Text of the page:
Americans typically consume 7 billion Hot Dogs between Memorial Day and Labor Day.
On the Fourth of July, Americans will enjoy 150 million Hot Dogs!
On every Independence Day since 1916, at its original Coney Island hot dog stand, Nathan's Famous Fourth of July Hot Dog Eating Contest has celebrated this iconic American food.
The United States Chamber of Commerce officially designated July as National Hot Dog Month in 1957, and the tradition has been going strong ever since.
July 20th has been declared National Hot Dog Day.
Every second of every day, 450 Hot Dogs are eaten in the United States.
Nearly one-third of all Americans eat Hot Dogs one to three times per month.
Sixty percent of Americans prefer their Hot Dogs grilled.
Twenty one percent prefer their Hot Dogs boiled.
The world's longest hot dog was 1,996 feet, made in honor of the 1996 Olympics.
People who cook Hot Dogs tend to be women, 25 to 44 years old, married with school-age children.
How many Hot Dogs do Americans eat each year and where do they eat them?
According to recent survey data obtained by the Council, Americans purchase 350 million pounds of hot dogs at retail stores - that's 9 billion hot dogs! But the actual number of hot dogs consumed by Americans is probably much larger. It is difficult to calculate the number of hot dogs Americans may eat at sporting events, local picnics and carnivals. The Council estimates Americans consume 20 billion hot dogs a year - more than twice the retail sales figures. That works out to about 70 hot dogs per person each year. Hot dogs are served in 95 percent of homes in the United States. Fifteen percent of hot dogs are purchased from street vendors and 9 percent are purchased at ballparks, according to statistics from the Heartland Buffalo Company. New York City was named America's leading Hot Dog sales city, followed by L.A. and the Baltimore-D.C. area.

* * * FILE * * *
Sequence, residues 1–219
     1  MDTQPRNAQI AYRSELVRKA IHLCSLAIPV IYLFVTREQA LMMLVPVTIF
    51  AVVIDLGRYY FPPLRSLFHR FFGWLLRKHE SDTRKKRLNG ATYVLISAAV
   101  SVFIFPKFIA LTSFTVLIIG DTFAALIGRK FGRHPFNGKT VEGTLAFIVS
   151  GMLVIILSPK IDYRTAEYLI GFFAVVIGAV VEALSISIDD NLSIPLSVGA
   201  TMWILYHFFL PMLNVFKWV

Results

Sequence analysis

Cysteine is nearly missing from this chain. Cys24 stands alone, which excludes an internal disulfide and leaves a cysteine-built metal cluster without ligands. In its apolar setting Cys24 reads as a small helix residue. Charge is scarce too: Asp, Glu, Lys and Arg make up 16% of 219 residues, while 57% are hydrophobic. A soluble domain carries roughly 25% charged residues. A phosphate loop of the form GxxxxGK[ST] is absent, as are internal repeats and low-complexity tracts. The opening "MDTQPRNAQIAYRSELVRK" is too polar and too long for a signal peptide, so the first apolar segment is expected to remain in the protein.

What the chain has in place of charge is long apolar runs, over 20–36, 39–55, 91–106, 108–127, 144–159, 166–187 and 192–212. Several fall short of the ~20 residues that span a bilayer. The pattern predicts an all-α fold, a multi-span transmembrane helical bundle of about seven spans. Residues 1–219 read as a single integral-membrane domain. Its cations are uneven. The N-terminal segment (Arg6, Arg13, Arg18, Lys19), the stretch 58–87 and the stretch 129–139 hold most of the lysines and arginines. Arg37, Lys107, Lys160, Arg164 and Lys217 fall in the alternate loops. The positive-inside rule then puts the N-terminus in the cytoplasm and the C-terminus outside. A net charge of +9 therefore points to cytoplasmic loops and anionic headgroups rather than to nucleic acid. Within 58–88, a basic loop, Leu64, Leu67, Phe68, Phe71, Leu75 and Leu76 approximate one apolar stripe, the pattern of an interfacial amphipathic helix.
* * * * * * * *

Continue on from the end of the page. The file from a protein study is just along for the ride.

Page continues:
In the Mood for a Huge Hot Dog?
Head on over to the new indoor miniature golf course at Vitense Golfland and check out the Hot Dog slide! Your kids will love it...and so will you. The Madison themed course showcases many of Madison's famous landmarks and businesses. Although the Vitense website claims that the centerpiece of the course is the Capitol building, we would have to politely disagree and choose the giant Hot Dog. The Dog is topped with ketchup and mustard. Hey, it's not a Chicago Dog, but it still looks mighty tasty!

Vitense Golfland is located on the west side of Madison at 5501 Schroeder Rd (West Beltline and Whitney Way). Website: www.vitense.com Phone: (608) 271-1411

A Chicago Dog in Toronto Canada?
In Toronto, Canada hot dogs are the only kind of street food allowed by law. The law sets extremely high (almost unachievable) requirements for street-food vendors, with an exception for "pre-cooked meat products in the form of wieners or similar products to be served on a bun". That results in a greater competition amoung vendors and excellent quality of the hotdogs in the city. (Note: One of the best Chicago Dogs I ever had was from a street vendor in Toronto). Here is a link to the Toronto Department of Public Health requirements for Hot Dog carts: http://www.city.toronto.on.ca/health/he/hd_index.htm

How to Say Hot Dog in Different Languages

Spanish - Perrito Caliente
Italian - Caldo cane
French - Chien chaud
German - Heisser Hund or Wurst
Portugese - Cachorro quente
Swedish - Korv or varmkorv
Norwegian/Danish - Grillpolser
Latin - Pastillum botello fartum
Czech - Park v rohliku
Dutch- Worstjes
Finnish - Makkarat

Regional Variations
Hot Dogs are served countless ways and vary greatly by region. Many cities are well known for their unique style of blending and configuring the ingredients on their Dogs. Hot Dogs not only differ by how they are prepared and accessorized, but also in size. Regular Hot Dogs are 6 inches in length (15 cm) and "footlong" Hot Dogs are twelve inches (30 cm) long. Here are some of the many popular ways Hot Dogs are served throughout the country:

Chicago - Vienna beef hot dog topped with chopped onions, diced/wedged tomatoes, a dill pickle spear, pickled hot peppers ("sport peppers"), pickle relish, mustard, and celery salt, and served on a poppyseed bun.